What We do


We aim to develop chemical tools using the principles of polyvalent molecular recognition and bio-orthogonal affinity labelling chemistry, to interrogate auto-inhibitory ternary complex equilibrium and modulate cancer cell interactions with immunological machinery. The results of our investigations are intended to contribute new technology to the field of chemical biology, a mechanistic understanding of key immunologically relevant interactions from a molecular level, and support both academic and industrial immune-oncology research efforts



The current program focuses on four specific platforms


Platform 1. The development of an affinity labelling covalent antibody templating strategy.


Antibody Dependent Cellular Cytotoxicity (ADCC), represents a major mode of action shared by several tumor antibody therapeutics and the host anti-tumor innate immune response. ADCC is minimally dependent on the reversible formation of ternary complexes on the cancer cell surface comprising of antibodies non-covalently associated with both cancer cell and immune effector cell receptors.  Due to the reversibility of this assembly process, ternary complex formation is governed by the affinities and concentrations of several interconverting biological species.  This is highly relevant given the dependence of ADCC potency and efficacy, on the stability and polyvalent display of these ternary complexes on the surface of a target cancer cell.  To probe the dependence of ADCC on ternary complex stability and display, with the goal of using synthetic molecules to control immune protein assembly in its native setting, we are developing covalent chemical labelling strategies to tag and irreversibly dimerize ternary complex proteins.   This is achieved using ligand directed affinity labelling chemistry to site-selectively tag serum antibodies,  cancer receptors, and or effector cell receptors, with relevant small molecule binding ligands of interest.   In this manner, we aim to kinetically control the templating of antibodies and effector cells to the cancer cell surface circumventing the dependence of ADCC on a three body equilibria to exert greater control over the valency of ternary complexes on the cancer cell surface.  These pursuits are anticipated to yield unprecedented mechanistic insight into the anti-tumor innate immune response and mechanism of monoclonal antibody therapeutics while guiding the development of small molecule immunomodulators. 

Platform 2.  Using avidity driven binding interactions to drive biomolecule assembly on a target cell surface.


The differential regulation of receptor expression on the surface of cancer cells is known to accompany key steps in disease progression including metastasis and tumor immune evasion. As such, the expression of specific receptors such as her2 or uPAR, are often used as diagnostic markers associated with a particular prognosis.   The over-expression of these antigenic receptors on the surface of cancer cells relative to normal healthy cells presents a unique molecular signature that translates to a selective cancer cell targeting opportunity.  We envision that the resulting polyvalent array of over-expressed surface receptors can be recognized using synthetic probes capable of engaging the surface through non-covalent fined tuned avidity binding interactions.   Towards this goal, sequence defined oligomers and polymers presenting different polyvalent arrays of small molecule cancer receptor binding ligands are being synthesized and evaluated for their ability to chelate cancer cells selectively in the presence of normal healthy cells.  We envision these molecular scaffolds can ultimately be used both as sensors for diagnostic applications and additionally, to recruit biomolecules of interest selectively to the surface of cancer cells. This can be achieved through the incorporation of additional receptor binding capabilities into the scaffold to generate block co-polymers.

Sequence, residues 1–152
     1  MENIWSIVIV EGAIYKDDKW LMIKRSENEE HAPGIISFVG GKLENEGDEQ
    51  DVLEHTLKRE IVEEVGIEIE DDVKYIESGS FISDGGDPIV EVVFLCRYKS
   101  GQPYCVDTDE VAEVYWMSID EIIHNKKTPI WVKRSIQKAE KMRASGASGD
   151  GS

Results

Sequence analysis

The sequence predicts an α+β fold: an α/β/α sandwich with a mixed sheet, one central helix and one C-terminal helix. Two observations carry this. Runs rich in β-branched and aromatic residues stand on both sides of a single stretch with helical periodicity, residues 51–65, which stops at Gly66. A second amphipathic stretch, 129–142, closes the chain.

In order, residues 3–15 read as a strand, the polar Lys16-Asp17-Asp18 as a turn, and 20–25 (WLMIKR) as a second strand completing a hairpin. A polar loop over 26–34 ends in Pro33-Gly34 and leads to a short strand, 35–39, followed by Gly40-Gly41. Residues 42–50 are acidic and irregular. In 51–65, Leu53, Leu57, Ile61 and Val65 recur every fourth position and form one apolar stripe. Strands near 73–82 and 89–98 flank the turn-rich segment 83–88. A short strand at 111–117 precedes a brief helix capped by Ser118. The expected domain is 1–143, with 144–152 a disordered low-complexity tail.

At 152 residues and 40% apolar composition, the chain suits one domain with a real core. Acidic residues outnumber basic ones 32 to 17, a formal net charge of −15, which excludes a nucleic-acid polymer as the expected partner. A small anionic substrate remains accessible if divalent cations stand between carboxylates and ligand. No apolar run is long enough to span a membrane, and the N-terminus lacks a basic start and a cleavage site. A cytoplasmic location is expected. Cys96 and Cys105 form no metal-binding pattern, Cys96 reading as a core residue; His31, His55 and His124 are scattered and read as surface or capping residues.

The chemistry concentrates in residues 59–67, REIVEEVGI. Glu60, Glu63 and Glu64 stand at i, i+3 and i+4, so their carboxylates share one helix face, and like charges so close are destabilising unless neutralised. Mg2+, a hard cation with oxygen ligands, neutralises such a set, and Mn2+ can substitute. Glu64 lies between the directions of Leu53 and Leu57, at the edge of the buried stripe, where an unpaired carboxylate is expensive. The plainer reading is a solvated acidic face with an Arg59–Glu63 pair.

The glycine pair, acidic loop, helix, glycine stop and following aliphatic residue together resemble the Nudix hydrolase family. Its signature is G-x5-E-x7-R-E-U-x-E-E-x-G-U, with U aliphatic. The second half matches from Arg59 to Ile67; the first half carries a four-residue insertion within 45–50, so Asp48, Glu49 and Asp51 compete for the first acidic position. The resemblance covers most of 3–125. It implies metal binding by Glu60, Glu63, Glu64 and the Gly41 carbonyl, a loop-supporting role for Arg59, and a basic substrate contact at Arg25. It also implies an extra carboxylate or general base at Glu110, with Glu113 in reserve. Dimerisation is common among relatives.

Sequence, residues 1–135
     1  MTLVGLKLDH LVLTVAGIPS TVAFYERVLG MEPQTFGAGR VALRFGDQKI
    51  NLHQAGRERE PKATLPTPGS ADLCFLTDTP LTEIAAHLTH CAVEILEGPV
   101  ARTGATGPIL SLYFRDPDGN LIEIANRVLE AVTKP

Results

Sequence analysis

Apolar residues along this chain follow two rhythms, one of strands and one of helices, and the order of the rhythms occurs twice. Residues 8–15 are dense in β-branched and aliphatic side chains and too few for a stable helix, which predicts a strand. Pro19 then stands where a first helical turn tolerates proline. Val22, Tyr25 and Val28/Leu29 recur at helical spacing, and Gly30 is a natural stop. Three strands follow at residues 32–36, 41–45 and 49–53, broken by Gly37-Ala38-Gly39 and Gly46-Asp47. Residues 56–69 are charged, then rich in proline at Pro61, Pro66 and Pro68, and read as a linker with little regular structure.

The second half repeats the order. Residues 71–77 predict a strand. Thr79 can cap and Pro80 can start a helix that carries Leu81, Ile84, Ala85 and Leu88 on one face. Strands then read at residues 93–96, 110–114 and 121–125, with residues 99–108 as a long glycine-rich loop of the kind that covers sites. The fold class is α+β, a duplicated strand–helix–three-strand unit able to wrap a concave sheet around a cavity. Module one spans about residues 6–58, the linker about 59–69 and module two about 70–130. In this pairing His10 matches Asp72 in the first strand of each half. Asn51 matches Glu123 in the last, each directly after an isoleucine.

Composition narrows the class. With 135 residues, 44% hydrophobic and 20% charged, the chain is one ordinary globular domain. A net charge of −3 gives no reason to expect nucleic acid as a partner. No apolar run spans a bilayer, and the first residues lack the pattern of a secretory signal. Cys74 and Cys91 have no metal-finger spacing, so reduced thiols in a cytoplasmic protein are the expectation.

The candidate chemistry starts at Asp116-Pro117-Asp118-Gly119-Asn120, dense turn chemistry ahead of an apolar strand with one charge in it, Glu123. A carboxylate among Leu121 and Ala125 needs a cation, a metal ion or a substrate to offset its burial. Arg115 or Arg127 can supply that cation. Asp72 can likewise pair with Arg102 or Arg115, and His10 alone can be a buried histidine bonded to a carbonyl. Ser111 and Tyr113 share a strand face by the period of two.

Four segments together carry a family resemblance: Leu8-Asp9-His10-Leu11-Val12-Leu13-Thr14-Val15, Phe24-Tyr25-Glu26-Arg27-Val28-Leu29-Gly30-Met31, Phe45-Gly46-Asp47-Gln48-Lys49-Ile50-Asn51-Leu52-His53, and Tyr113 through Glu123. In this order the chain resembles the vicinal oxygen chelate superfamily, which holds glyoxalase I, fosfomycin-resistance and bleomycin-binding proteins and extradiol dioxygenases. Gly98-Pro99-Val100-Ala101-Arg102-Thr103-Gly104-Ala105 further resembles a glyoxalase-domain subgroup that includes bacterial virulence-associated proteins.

Platform 3.  Using molecular recognition to discover and study new ligand directing affinity labelling chemistry.



The current arsenal of affinity labelling chemistry is largely confined to alkylation/acylation reactions which in addition to being hydrolytically labile in biological systems, also limits the potential bio-molecular functionality that can me modified to nucleophilic amino acids.  To expand this arsenal with an emphasis on developing new chemistry to site-selectively covalently tag aromatic amino acids and carbohydrate functionality,  we are studying the molecular determinants that govern bio-conjugation effective molarity.  Towards this goal, we are developing molecular recognition systems to control the proximity of aqueous compatible chemical reactants and provide a spectroscopic readout of biomolecule covalent modification that enables for a comprehensive kinetic characterization of the system.

Platform 4.  Dynamic chemical approaches to generate Tumor Associated Carbohydrate Antigen (TACA) synthetic binding ligands.  (Contact Prof. Rullo for additional details)

More information will be available soon.